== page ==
My husband loves to make things from scratch, living-off-the-grid style. In the past we’ve made root beer, cheese, bread, mustard and other condiments (granted, this is because I was penning my book, Homemade Condiments), and beer. My husband even makes his own seltzer water with a SodaStream soda maker.
For him, it’s the thrill of achievement, of creating something that normally you’d buy packaged from the supermarket. Plus, the science geek in him loves seeing the transformation of the ingredients into something totally different.
But for me, our little foodie science projects have become yet another way for us to minimize our impact on the environment. Less packaging, fewer additives and artificial ingredients, and less energy expended on transportation all mean that these fun projects could reduce your carbon footprint. Instead of heading to the store, try making these six foods from scratch.
Yogurt: Make your own plain yogurt, or stir honey, jam, or fresh fruit into it to make a flavored version that’s far lower in sugar than commercial varieties. You can find a good yogurt maker for under $50, but really, you don’t even need a specialized appliance. Yogurt-making involves heating milk to a certain temperature, then cooling it, inoculating it with a little bit of yogurt, and then incubating the yogurt at a low heat for 4 to 6 hours, or until it’s properly thickened. You can find a yogurt maker with individual glass jars, so you have the convenience of an individual serving in a reusable container. It’s more earth-friendly than the disposable plastic container of the supermarket versions (yogurt containers are usually made of #5 plastic, which isn’t always accepted by curbside recycling programs).
Butter: I always feel a bit like Laura Ingalls Wilder when I make my own butter… but then again, Laura didn’t have a stand mixer. You can also make butter in an old mason jar or a large sauce jar. All you need is heavy cream and a bit of salt to flavor.
Granola: Making granola from scratch is simply a matter of tossing together a few ingredients and baking them at a low temperature. You can find healthy granola recipes that have less fat and sugar than the store-bought varieties. Most of the ingredients, such as oats, nuts, and dried fruit, can be bought in bulk, which helps minimize packaging waste.
Cheese: The first time you turn milk into mozzarella, ricotta, or another kind of cheese, it’s like magic! You can buy a book or find instructions online; the process is not complicated. Seek out a local milk supplier (try your farmers market) and find an online source for some of the special ingredients you’ll need, such as cheese salt, citric acid, and rennet.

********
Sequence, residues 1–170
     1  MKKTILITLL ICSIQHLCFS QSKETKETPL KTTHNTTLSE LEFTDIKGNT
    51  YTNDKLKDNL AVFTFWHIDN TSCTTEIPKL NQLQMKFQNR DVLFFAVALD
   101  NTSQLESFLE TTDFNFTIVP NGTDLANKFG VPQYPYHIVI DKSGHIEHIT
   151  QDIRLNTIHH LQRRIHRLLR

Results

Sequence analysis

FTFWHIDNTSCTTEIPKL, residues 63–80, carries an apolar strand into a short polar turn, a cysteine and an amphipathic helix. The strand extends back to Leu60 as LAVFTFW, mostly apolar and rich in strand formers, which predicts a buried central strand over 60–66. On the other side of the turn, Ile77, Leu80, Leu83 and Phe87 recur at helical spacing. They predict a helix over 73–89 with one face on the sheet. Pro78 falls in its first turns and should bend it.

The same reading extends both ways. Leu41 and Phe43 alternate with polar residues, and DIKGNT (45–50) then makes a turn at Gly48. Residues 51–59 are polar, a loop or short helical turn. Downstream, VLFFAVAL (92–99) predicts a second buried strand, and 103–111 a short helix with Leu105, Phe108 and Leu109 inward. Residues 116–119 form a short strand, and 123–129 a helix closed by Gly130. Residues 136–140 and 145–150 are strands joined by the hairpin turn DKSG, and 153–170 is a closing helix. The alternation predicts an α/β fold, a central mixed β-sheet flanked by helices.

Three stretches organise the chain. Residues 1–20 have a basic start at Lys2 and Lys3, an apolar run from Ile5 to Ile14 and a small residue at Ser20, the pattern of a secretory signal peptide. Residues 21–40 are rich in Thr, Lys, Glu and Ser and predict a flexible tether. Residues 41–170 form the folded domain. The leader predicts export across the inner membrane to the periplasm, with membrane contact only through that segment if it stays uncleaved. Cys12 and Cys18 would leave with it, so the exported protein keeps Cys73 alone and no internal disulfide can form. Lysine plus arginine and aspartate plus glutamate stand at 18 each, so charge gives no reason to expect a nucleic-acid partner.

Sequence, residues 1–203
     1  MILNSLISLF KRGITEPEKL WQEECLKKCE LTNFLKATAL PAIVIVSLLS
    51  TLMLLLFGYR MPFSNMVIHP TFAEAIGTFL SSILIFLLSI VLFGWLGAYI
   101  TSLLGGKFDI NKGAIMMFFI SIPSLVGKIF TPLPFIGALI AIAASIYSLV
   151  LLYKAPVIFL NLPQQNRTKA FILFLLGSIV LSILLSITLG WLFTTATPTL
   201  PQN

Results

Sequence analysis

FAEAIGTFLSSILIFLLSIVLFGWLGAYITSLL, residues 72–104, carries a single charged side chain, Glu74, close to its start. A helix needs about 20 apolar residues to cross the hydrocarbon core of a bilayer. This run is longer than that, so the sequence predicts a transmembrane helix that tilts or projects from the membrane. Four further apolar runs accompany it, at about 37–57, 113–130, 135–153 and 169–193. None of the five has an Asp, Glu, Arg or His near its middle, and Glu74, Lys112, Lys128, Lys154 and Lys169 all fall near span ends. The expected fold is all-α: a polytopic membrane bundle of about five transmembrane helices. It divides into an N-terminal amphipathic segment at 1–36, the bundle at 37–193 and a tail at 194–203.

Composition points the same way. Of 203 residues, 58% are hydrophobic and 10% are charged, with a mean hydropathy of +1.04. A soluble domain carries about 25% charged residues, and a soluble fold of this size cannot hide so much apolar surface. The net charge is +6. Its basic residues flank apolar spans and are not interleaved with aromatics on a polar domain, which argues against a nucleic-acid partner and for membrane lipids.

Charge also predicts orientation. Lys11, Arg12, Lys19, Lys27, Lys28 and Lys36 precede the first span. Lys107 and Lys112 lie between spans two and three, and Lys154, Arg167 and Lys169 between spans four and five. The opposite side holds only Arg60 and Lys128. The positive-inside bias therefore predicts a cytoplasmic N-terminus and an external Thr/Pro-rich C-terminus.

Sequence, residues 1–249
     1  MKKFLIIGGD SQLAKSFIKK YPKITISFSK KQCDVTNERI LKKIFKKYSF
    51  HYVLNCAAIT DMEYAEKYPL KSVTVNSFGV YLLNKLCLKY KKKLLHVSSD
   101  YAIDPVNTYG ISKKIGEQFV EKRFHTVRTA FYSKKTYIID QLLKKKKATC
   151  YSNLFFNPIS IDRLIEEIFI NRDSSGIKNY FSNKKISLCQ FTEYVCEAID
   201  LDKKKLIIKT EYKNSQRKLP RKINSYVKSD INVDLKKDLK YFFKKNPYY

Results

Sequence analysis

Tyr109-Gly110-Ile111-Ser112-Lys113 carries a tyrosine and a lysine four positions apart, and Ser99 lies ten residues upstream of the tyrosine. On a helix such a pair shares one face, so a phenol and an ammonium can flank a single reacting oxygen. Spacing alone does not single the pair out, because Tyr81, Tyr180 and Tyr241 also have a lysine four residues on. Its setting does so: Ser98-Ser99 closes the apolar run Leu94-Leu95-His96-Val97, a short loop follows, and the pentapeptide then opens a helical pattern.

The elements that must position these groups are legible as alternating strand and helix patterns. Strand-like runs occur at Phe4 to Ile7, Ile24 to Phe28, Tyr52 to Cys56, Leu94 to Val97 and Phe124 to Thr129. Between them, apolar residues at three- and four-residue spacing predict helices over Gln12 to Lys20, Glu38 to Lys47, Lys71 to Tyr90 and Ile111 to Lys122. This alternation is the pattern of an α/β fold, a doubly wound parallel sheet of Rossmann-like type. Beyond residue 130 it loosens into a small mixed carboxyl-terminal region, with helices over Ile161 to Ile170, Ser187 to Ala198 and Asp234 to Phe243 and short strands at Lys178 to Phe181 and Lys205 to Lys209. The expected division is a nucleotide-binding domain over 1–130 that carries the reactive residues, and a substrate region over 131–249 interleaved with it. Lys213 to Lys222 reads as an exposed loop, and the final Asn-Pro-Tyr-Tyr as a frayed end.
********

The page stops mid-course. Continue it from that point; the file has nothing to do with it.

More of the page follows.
Bread: We recently inherited a sourdough starter and have started a tradition of baking a couple of loaves of bread every Sunday. I particularly like that the bread we make has none of the preservatives and additives that are in just about any loaf of supermarket bread, and that we can keep our loaves in a reusable bread container, which is so much better than the double layers of plastic that sheathe the store-bought versions. King Arthur Flour is a great online resource for bread recipes and tutorials, as well as for specialty flours and other ingredients.
Ice Cream: There’s nothing quite like homemade ice cream. While the process is a bit involved and time-consuming, it’s not difficult to make, and coming up with different flavors and inclusions is lots of fun. You can get an electric ice cream maker with a freezer bowl, a model that has a built-in refrigerator compressor, or an old-fashioned hand-crank unit (talk about feeling like Laura Ingalls Wilder!). And out of all the from-scratch foods on this list, ice cream might be the one that will give you the greatest environmental benefit, when you think about how ice cream is transported in energy-guzzling freezer trucks and stored in lit freezer cases at retail.
Once you start experimenting with making certain foods from scratch, chances are it’ll become a fun challenge to find more and more things that you can make at home, rather than driving to the store.